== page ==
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#36 Public Restrooms -

Imagine you are at a restaurant or the mall and need to use the restroom. Chances are when in unfamiliar surroundings, you have had to ask someone, “Where is the restroom?” That’s the first step.

Ideally, the one you ask, or a friend offers to take you. It’s wonderful when friends realize the problems a new restroom presents.

If not, the one with low vision must figure out which is the men’s, and which is the women’s. With a Smartphone, a Be My Eyes call can solve this problem. Let’s say someone has already told you it’s the first door on the right, or whatever. So far, so good. The phone call can continue as the door is opened.

The volunteer who answers can describe where the toilets are. Is there just one, two, three, or a row of many? Then, where is the toilet paper? Does the toilet flush automatically, or with a button, or with a handle? Where is that button or handle?

Where is the sink to wash hands? And how frustrating to wash hands and not be able to figure out how to dry them. Is there a blow dryer? Perhaps, it’s a dryer where you put your hands inside, in front of, or underneath and it comes on automatically.

Where are the paper towels? How do you get one? Some are automatic where you put your hand in front of the box dispenser. Others have a lever on the side you must pull down or a lever underneath that you must push.

If paper towels are used in the bathroom, where is the trash receptacle?. If you have vision or have never gone to the restroom with someone who is blind, you might not have thought about these questions. I would bet when it comes to bathroom designs, no one asked a blind person for input. And they are all so different.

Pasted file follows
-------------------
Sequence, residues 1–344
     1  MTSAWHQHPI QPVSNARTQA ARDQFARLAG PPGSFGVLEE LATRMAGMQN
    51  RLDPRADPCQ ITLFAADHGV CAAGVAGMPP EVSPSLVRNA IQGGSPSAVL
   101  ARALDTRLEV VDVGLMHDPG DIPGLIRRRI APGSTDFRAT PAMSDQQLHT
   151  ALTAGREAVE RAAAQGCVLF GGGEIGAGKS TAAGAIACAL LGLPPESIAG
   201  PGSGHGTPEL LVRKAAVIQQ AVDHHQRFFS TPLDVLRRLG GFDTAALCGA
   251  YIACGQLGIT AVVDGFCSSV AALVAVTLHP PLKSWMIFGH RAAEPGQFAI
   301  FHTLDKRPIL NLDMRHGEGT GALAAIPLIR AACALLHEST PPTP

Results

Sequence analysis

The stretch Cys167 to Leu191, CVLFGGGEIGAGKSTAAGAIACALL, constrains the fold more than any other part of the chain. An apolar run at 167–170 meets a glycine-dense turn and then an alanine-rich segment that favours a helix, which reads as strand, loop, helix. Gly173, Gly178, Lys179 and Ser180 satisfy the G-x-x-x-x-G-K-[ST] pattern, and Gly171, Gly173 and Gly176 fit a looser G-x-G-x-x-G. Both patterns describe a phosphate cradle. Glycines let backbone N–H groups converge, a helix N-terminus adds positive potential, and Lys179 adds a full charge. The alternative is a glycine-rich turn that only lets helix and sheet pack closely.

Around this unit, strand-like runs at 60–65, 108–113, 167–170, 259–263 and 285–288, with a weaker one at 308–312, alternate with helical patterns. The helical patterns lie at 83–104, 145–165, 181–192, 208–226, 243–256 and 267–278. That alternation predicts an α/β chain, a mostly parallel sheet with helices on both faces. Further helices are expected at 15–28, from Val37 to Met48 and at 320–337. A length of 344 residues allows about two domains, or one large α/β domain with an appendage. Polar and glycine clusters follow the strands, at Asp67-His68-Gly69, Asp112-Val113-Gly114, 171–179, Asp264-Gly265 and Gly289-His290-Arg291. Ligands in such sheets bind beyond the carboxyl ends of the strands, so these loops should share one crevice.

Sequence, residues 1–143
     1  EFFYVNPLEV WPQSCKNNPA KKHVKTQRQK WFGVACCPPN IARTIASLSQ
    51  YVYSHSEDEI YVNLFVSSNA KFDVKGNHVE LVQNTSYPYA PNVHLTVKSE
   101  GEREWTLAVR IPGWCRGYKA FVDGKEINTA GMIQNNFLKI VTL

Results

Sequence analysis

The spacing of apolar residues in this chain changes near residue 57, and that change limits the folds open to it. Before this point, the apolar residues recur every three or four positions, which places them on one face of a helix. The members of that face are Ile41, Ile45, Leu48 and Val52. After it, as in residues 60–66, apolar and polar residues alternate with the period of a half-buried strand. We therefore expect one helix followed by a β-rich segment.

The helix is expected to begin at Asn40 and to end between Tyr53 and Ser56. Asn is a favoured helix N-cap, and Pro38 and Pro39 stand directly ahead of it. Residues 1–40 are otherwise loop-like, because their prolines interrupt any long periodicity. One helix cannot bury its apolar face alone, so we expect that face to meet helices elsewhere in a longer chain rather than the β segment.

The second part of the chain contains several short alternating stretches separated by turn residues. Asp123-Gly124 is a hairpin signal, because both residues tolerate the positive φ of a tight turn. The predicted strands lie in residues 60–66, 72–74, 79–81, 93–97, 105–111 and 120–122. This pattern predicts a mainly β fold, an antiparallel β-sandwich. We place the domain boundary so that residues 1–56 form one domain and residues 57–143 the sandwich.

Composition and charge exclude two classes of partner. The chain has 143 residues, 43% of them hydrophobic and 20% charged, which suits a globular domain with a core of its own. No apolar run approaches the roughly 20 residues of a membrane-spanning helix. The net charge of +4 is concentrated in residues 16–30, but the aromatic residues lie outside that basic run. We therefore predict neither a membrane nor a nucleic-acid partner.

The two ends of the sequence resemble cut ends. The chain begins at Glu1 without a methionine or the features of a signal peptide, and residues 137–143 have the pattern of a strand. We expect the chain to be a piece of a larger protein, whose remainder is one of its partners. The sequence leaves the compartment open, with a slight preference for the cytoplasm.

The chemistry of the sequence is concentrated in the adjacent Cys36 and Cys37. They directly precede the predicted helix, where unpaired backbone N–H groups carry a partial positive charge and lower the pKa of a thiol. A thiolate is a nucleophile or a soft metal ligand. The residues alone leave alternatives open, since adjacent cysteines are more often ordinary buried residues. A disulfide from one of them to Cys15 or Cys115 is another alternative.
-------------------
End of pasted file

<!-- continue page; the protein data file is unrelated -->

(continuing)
In the meanwhile, here are some suggestions that might help:

  • Using a white cane shows others vision is a problem. It might encourage someone to offer help. Using a public restroom is a super good argument for having the white cane.
  • Purse size Wet Ones can help in several ways: wiping the seat, covering hands to search for the flush, and cleaning hands.
  • With small hand sanitizer bottles, you don’t need to locate the sink, soap, towel, or trash can.
  • Stop and listen when entering a bathroom. This can help with the location of toilets by the flushing, of sinks by the sound of running water, of dryers by their sound, or paper towels by the sound of the dispenser.
  • Learning your way around a new bathroom can take time. So, a final hint—don’t wait until the last minute to make a pit stop.

To give an example of Millie’s sense of humor, I must relate a funny story. We had stopped at a busy rest area on the interstate to go to the bathroom and get a snack. On the way back to the car, mother was walking with her white cane and in a loud voice said, “Is it my turn to drive?” At first, those around us were stunned. Then they heard her laughter and realized she was joking.



Be sure and pass on this hint to others – if you find yourself all alone in a strange bathroom and can’t figure out where something is or how to use it, this is a perfect time for a ”Be My Eyes” call. The volunteer who answers can help.

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